3.1.3. Precision

The precision of the method was determined by repeatability (intra-day) and intermediate precision (inter-day). Repeatability was examined by three evaluations of the three concentrations of glutamine standard, on the same day, under the same experimental conditions. The intermediate precision of the method was assessed by carrying out the analysis on three different days (inter-days). Intra-and inter-day precision were expressed as relative standard deviation (RSD).

3.1.4. Accuracy

To confirm the accuracy of the method, recovery was determined at three concentrations, by adding known amounts of the reference substance at the samples of production process, to obtain solutions at concentrations of 4, 25 and 50 µg/mL, equivalent to 16%, 100% and 200% of the nominal analytical concentration, respectively. The accuracy was calculated as the percentage of the reference substance recovered from the samples.   

3.1.5. Limits of Detection and Quantitation

The limits were defined by the determination of the signalto-noise ratio by comparison of measured signals from samples with known low concentrations of analyte with those of blank samples and by establishing the minimum concentration at which the analyte was reliably detected, for the limit of detection (signal-to-noise ratio is 3:1), and quantified with acceptable accuracy and precision, for the limit of quantitation (signal-to-noise ratio is 10:1).

4. Results and Discussion

4.1. Optimization of Chromatographic Conditions

To obtain the best chromatographic conditions, the mobile phases were optimized to provide appropriate selectivity and sensitivity. The use of a gradient elution resulted in better sensitivity, improving the peak symmetry with the retention time also suitable for the separation of glutamic acid and glutamine. The optimized conditions of the LC method were validated for the analysis of glutamine in food additive products.

4.2. Method Validation

The results of the method validation are shown in Table 1.

4.2.1. Specificity

The analysis of the glutamine standard showed the specificity of the analytical method. The resolution of glutamic acid and glutamine peaks was 5.31 and the tailing factor of glutamine peak was 0.99. The symmetrical peak corresponding to glutamine, with the retention time of 10.1 min were shown in Figure 3, demonstrating also that the proposed method is able to separate glutamic acid and glutamine.

4.2.2. Linearity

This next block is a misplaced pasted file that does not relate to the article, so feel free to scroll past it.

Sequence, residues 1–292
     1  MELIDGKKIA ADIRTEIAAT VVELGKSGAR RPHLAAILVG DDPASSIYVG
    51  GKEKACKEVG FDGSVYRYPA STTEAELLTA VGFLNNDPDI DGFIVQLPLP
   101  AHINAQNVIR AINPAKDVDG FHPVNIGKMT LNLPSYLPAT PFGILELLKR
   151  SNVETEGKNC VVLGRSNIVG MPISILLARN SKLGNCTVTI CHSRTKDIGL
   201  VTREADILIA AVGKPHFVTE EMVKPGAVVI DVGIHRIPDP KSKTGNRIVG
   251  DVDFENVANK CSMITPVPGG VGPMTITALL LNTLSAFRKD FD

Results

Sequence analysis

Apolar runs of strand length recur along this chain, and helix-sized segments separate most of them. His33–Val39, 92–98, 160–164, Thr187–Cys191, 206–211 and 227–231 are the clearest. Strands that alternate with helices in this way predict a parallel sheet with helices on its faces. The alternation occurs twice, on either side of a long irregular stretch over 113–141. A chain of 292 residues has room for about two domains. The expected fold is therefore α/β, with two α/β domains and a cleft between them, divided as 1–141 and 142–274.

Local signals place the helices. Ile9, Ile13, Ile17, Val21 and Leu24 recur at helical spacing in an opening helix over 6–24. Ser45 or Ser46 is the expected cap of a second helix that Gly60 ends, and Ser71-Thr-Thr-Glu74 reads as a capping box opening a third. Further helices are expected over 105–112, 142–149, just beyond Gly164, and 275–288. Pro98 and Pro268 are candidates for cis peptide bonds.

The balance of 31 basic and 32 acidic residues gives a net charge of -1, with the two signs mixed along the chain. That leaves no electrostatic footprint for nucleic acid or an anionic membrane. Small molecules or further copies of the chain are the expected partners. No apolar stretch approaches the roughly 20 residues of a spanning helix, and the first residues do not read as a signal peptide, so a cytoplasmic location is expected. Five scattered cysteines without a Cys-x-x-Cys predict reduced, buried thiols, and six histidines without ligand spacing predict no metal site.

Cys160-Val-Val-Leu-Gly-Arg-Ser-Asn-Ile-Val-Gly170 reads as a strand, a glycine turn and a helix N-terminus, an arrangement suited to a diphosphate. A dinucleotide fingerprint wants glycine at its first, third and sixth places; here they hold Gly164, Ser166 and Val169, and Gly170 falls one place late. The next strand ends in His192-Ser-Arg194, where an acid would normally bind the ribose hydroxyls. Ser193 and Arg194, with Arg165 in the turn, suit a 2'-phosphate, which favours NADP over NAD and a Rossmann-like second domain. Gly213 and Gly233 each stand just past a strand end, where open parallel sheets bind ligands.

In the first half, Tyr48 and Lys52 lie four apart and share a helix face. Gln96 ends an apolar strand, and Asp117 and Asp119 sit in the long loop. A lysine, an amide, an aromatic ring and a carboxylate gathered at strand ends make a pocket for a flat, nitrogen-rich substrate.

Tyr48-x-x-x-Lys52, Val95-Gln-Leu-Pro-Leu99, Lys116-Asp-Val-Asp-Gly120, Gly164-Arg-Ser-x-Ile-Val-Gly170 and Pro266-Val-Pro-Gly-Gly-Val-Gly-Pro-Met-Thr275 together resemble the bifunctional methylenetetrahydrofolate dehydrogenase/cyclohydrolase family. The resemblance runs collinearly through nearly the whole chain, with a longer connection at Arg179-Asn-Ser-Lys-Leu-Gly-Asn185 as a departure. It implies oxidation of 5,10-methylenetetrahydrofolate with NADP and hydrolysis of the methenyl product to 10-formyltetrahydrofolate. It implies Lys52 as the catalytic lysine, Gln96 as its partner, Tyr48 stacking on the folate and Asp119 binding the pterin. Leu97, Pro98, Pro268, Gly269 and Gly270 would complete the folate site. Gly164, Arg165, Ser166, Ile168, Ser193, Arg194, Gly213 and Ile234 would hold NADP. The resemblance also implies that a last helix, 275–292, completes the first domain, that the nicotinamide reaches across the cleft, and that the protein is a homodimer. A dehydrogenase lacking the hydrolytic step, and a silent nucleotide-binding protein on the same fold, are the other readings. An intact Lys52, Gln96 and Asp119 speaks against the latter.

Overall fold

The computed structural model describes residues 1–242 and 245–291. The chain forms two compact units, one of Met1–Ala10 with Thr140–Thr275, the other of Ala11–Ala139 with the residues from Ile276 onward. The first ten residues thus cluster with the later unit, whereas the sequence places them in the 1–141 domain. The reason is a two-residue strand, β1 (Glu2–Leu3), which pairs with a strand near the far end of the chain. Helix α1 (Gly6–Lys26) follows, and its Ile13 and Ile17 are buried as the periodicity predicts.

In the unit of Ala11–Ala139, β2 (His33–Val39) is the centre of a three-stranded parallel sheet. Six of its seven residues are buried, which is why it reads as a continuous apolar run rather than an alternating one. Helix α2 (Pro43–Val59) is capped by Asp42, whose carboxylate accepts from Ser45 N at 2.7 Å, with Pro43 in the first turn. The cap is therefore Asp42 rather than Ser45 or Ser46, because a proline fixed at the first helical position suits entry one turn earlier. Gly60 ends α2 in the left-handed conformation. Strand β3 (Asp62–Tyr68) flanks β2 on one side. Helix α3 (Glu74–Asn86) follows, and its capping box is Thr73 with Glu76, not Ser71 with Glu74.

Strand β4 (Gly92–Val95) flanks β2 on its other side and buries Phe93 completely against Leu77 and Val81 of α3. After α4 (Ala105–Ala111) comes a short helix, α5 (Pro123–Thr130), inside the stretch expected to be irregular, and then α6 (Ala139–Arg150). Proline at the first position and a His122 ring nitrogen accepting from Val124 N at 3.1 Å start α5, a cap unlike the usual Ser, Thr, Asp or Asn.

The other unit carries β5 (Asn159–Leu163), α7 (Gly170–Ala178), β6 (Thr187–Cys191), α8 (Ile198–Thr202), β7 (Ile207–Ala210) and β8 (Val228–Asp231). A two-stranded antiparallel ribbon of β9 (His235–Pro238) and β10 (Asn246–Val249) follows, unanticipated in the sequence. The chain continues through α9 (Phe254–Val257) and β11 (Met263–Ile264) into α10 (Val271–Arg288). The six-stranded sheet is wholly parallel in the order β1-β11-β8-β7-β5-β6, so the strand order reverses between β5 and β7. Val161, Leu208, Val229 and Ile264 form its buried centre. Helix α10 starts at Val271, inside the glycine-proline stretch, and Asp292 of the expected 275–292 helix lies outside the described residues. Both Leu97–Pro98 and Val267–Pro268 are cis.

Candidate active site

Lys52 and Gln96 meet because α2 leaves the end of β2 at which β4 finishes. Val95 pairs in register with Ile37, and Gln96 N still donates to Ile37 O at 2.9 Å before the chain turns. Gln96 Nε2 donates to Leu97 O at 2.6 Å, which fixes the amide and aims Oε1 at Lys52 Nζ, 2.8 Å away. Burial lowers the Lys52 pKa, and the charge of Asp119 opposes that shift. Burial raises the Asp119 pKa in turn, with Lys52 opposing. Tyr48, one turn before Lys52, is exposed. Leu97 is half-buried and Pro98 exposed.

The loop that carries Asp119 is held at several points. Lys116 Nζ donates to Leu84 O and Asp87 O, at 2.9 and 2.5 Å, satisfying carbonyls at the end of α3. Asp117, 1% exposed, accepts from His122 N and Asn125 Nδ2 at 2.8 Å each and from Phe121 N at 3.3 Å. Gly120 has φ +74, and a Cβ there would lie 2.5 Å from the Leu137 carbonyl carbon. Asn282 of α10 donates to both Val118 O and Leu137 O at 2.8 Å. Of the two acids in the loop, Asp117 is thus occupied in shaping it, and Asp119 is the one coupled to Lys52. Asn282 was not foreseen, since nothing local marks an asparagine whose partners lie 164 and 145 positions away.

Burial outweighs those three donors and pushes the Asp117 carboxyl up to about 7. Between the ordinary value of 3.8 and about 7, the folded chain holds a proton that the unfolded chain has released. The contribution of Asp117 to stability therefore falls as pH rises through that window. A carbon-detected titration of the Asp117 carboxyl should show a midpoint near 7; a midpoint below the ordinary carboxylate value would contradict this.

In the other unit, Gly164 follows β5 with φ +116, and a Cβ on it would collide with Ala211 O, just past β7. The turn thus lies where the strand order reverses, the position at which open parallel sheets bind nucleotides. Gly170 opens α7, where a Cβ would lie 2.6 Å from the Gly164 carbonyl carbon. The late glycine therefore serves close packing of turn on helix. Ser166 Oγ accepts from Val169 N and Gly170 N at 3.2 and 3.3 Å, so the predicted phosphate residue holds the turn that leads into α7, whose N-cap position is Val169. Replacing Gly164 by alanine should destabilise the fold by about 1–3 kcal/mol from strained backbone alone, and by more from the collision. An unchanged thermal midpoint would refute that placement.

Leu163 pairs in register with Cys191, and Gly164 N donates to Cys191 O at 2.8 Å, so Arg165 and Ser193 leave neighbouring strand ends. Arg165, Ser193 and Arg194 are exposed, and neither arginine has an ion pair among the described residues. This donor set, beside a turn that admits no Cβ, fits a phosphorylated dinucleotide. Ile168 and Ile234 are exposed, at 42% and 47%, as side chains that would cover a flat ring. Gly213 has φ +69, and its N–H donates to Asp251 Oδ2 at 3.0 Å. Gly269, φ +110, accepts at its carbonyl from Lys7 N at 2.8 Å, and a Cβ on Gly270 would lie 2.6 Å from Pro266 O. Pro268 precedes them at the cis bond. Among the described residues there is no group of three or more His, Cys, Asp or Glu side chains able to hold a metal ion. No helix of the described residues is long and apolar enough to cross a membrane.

The analytical curve constructed for glutamine was found to be linear in the 4 - 50 µg/mL range. The value of the

Table 1. Validation results of IEC for glutamine in food additive products.

Figure 3. Representative IEC chromatograms of glutamic acid and glutamine.

determination coefficient calculated (r2 = 0.9999, y = 72.97350x – 16.22441, where, x is concentration and y is the peak absolute area) indicated the linearity of the analytical curve for the method.

4.2.3. Precision

The precision evaluated as the repeatability of the method was studied by calculating the relative standard deviation (RSD) for three determinations of the concentrations 4, 25 and 50 µg/mL performed on the same day and under the same experimental conditions. The RSD values obtained were 0.72%, 2.61% and 0.65%, respectively.

The intermediate precision was assessed by calculating the relative standard deviation (RSD) for determinations of the three levels of concentration on three different days (inter-day). The RSD values obtained between days were 1.82%, 2.56% and 4.63%, for samples 4, 25 and 50 µg/mL, respectively.

4.2.4. Accuracy

The accuracy was calculated as the percentage of the drug recovered from three replicate determinations of three different solutions containing 4, 25 and 50 µg/mL, constituted of glutamine sample and standard (50:50). The absolute means obtained of recovered glutamine were 111.83%, 93.29% and 94.21%, respectively, demonstrating that the method is accurate within the desired range.

4.2.5. Limits of Detection and Quantitation

The limit of detection and limit of quantitation determined were 0.11 µg/mL and 0.35 µg/mL, respectively.

Based on the findings of the present work, it can be concluded that analysis via ion-exchange chromatography (IEC) followed by post-column derivatization method, is indeed a viable alternative for determining glutamine quality. This method can be useful in quality control during and after production of glutamine food additive products.

5. Conclusion

The results of the validation studies show that the IEC method is sensitive with a limit of quantitation of 0.35 µg/mL, accurate with a mean value of 99.78%, and possesses significant linearity (r2 = 0.9999). The separation was achieved with the retention time of 10.1 min, and the method has been successfully used for analysis of glutamine. Moreover, the validated physicochemical technique employed, offered a high degree of resolving power and selectivity and is suggested as an analytical alternative to improve the quality control of food additive products containing glutamine.

6. Acknowledgements

This work was supported by CNPq-Brazil program and PACD-FCF-UNESP.